Well, sort of; it’s not free in the Limewire or Bearshare sense. Today is the big day Apple ups the anté: iTunes 7.2 is released and one of the “Big Four” labels, EMI Music, and other independent artists’ music breaks free from the shackles of DRM, or Digital Rights Management.
(With 1300 artists under its wing, EMI writes history with easily recognizable names (EMI and iTunes) offering DRM-free music for sale online. EMI is home to Norah Jones, Ben Harper, Alicia Keys, Kanye West and Usher, among others.)
In case you’ve been living under a rock, DRM is the stuff that locks the music you rip from CDs and music that you buy from online stores such as iTunes or Musicmatch online and Real/Rhapsody to the computers where you purchased them and to the devices those companies let you transfer them to. My first taste of DRM came around during the glory days of MP3.com and AOL Radio, when this one song I downloaded (John Mayer, No Such Thing, Sessions@AOL), supposedly “free”, asked for my email address, which I willingly gave out, and then I received a message saying the song will “expire” and stop playing after 30 days. Studio album for sale for only 20 AOL points, ergo, 19 US dollars. Bah.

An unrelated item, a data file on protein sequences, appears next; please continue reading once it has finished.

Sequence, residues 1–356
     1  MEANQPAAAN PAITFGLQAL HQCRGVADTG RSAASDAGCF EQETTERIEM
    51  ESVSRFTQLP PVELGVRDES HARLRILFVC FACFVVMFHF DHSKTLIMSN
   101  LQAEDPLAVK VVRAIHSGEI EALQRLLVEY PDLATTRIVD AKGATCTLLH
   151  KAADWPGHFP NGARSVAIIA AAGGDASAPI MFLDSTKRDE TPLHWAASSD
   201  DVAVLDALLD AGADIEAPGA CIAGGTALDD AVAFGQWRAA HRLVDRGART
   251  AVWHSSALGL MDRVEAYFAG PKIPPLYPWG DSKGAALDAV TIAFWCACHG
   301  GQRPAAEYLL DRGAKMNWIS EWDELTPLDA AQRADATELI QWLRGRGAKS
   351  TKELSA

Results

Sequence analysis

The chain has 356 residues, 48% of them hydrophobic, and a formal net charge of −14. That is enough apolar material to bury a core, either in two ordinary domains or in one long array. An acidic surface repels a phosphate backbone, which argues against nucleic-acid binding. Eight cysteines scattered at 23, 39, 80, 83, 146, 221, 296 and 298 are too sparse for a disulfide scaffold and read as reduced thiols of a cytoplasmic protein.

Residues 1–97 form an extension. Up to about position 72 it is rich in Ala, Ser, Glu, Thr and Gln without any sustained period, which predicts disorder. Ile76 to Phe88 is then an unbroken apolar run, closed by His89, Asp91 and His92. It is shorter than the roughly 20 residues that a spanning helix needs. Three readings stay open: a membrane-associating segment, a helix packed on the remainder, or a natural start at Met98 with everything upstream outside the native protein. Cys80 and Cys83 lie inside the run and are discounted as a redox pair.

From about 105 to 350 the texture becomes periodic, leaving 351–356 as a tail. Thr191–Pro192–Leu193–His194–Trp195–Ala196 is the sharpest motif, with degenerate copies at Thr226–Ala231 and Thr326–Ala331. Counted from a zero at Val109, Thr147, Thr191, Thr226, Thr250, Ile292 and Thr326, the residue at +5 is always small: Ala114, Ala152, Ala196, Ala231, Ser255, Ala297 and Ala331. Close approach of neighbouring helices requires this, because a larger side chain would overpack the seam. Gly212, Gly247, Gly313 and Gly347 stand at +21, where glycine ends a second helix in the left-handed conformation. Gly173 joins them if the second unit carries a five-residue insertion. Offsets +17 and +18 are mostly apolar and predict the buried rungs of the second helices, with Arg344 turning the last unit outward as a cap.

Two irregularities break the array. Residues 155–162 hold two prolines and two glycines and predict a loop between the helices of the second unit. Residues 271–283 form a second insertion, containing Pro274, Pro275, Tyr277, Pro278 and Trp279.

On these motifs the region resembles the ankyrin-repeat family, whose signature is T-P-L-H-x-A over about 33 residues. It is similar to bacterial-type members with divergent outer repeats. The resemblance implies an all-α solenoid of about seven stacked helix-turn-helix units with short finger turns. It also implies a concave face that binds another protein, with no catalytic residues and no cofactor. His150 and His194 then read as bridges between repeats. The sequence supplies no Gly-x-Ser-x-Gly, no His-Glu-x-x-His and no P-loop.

I have to admit, when Jobs wrote his open letter rebuking DRM and its evil roots, I was the least bit convinced. So were the other anti-Mac pundits. I especially like the conspiracy theory going around on how Jobs (and Apple) want come out as the good guy and take all credit when we finally live in a DRM-free epoch. Like any other keen industry observer, Jobs knew we’ll sooner or later get there. The announcement back in April knocked my socks off. Today, two days to go before Apple is overdue of their “May” announcement, WE FINALLY HAVE IT.
TODAY, true to the spirit of tech agnosticism, I’d like to be fair and give credit where it is due: the greater part of which is to EMI for doing the right thing (the way to go DRM-less is not exclusive to Apple; EMI says other online dealers will also go DRM-free), and also to Apple for being taking advantage of the leverage only Steve Jobs has in moving the music industry. Bravo.
Will the iTunes Music Store’s free picks of the week go DRM-less free from hereon too? I’m keeping my fingers crossed.